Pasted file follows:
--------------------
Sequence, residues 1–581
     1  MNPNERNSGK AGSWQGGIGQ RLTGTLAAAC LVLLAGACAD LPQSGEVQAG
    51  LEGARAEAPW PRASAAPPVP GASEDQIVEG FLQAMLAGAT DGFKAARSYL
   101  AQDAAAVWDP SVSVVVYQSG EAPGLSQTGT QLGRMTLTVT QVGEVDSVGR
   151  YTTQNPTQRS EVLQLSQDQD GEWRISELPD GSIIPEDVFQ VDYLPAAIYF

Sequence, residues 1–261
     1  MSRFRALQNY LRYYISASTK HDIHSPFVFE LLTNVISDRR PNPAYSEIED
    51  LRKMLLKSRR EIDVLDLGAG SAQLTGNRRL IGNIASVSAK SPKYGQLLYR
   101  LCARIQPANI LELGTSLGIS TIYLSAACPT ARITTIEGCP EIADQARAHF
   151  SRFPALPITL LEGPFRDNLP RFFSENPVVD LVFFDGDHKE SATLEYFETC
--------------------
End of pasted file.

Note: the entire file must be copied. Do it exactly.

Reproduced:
Sequence, residues 1–581
     1  MNPNERNSGK AGSWQGGIGQ RLTGTLAAAC LVLLAGACAD LPQSGEVQAG
    51  LEGARAEAPW PRASAAPPVP GASEDQIVEG FLQAMLAGAT DGFKAARSYL
   101  AQDAAAVWDP SVSVVVYQSG EAPGLSQTGT QLGRMTLTVT QVGEVDSVGR
   151  YTTQNPTQRS EVLQLSQDQD GEWRISELPD GSIIPEDVFQ VDYLPAAIYF

Sequence, residues 1–261
     1  MSRFRALQNY LRYYISASTK HDIHSPFVFE LLTNVISDRR PNPAYSEIED
    51  LRKMLLKSRR EIDVLDLGAG SAQLTGNRRL IGNIASVSAK SPKYGQLLYR
   101  LCARIQPANI LELGTSLGIS TIYLSAACPT ARITTIEGCP EIADQARAHF
   151  SRFPALPITL LEGPFRDNLP RFFSENPVVD LVFFDGDHKE SATLEYFETC